9. 4. Identify the Best Alternative (cont…) Suppose that at the conclusion of Step 2 in the DECIDE process (that is, enumerating decision factors), EI Nacho executives identified two alternatives: 1. Reduce the price on frozen dinners, or 2. Maintain the price They also recognized two uncertainties: 1. Competitors could maintain the lower price 2. Competitors could reduce the price further.

  10. 4. Identify the Best Alternative (cont…) Conclusion of Step 3 in the DECIDE process (considering relevant information), EI Nacho executives examined the changes in market share and sales volume that would be brought about by the pricing actions. They also calculated the contribution per unit of frozen dinners for each alternative for each competitor response.

  11. 4. Identify the Best Alternative (cont…) Decision Tree for EI Nacho Foods

  12. 4. Identify the Best Alternative (cont…) Alternatives

  13. Decision Analysis and the Value of Information Payoff Table Uncertainties Competitors Maintain Price (Probability 90%) Competitors Reduce Price (Probability 10%) A1: Reduce Price 150,000 110,000 A2: Maintain Price 175,000 90,000 Calculation of Expected Monetary Value (EMV) EMV (A1) = 0.9(150,000) + 0.1(110,000) = $146,000 EMV (A2) = 0.9(175,000) + 0.1(90,000) = $166,500 Calculation of Expected Monetary Value of Perfect Information (EMVPI): EMV (Certainty) = 0.9(175,000) + 0.1(110,000) = $168,500 EMVPI = EMV (Certainty) - EMV (Best Alternative) EMVPI = 168,500 - 166,500 = $2,000 4. Identify the Best Alternative (cont…) Alternatives

  14. 4. Identify the Best Alternative (cont…) • The higher average contribution of 166,500 for maintaining the price indicates that EI Nacho’s management should maintain the price. The contribution is higher because competitors are expected to maintain their prices nine times out of ten. Under the same condition (same outcome, same probability estimates), EI Nacho’s would achieve an average contribution of 146,000 if the price reduction alternative were chosen. A rational management would, therefore, select the price maintenance alternatives.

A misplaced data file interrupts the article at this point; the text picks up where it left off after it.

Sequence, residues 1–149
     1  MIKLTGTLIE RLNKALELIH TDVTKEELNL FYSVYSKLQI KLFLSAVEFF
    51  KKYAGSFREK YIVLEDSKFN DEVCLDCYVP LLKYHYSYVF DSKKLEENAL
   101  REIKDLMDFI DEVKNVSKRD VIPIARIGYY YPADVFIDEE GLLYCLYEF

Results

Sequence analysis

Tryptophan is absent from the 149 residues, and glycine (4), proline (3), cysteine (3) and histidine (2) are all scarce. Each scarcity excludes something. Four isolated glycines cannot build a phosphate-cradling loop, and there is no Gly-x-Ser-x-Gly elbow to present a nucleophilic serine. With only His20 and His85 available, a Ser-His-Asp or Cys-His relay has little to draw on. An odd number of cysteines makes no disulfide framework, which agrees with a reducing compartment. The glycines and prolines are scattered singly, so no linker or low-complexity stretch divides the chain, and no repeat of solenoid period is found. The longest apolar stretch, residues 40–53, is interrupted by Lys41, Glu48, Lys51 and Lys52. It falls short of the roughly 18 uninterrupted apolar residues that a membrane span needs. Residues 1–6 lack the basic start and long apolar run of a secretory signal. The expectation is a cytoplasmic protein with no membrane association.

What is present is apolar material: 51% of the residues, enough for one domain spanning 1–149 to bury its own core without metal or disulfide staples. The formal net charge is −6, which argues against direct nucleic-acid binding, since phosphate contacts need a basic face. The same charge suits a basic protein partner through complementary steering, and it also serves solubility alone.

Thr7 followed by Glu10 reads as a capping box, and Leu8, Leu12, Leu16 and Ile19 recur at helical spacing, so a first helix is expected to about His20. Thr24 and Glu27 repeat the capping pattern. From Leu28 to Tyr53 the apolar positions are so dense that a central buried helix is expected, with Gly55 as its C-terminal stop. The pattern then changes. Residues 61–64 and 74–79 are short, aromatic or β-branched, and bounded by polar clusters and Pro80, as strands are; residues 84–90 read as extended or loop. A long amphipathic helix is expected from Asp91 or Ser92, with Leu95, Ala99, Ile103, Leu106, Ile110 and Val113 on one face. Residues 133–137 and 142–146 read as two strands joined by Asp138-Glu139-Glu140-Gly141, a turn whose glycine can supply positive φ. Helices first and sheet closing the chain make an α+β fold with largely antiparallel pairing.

15. 5. Develop a plan for implementing the Chosen Alternative • The execution phase is critical, and planning for it forces the case analyst to consider resource allocation and timing questions. For example if a new product launch is recommended, it is important to consider how managerial, financial, and manufacturing resources will be allocated to this course of action. If a price reduction is recommended, it will be important to monitor whether the reduced prices are reaching the final consumer and not being absorbed by resellers in the marketing channel. Timing is crucial, since a marketing plan takes time to develop and implement.

  16. 6. Evaluate the Decision and the Decision process • Did I define the problem adequately? • Did I identify all pertinent alternatives and uncertainties? Were my assumptions realistic? • Did I consider all information relevant to the case? • Did I recommend the appropriate course of action? If so was my logic consistent with the recommendation? If not, were my assumptions different from the assumptions made by others? Did I overlook an important piece of information? • Did I consider how my recommendation could be implemented? Honest answers to these questions will improve the chances of making better decisions in the future.

  17. Preparing and Presenting a Case Analysis • Approaching the Case • Formulating the case Analysis • Nature of the Industry, Market, and Buyer Behavior • The organization • A plan of Action • Potential outcomes • Formulating the case analysis in teams • Communicating the Case Analysis • Class Discussion • Oral Presentation • Written Report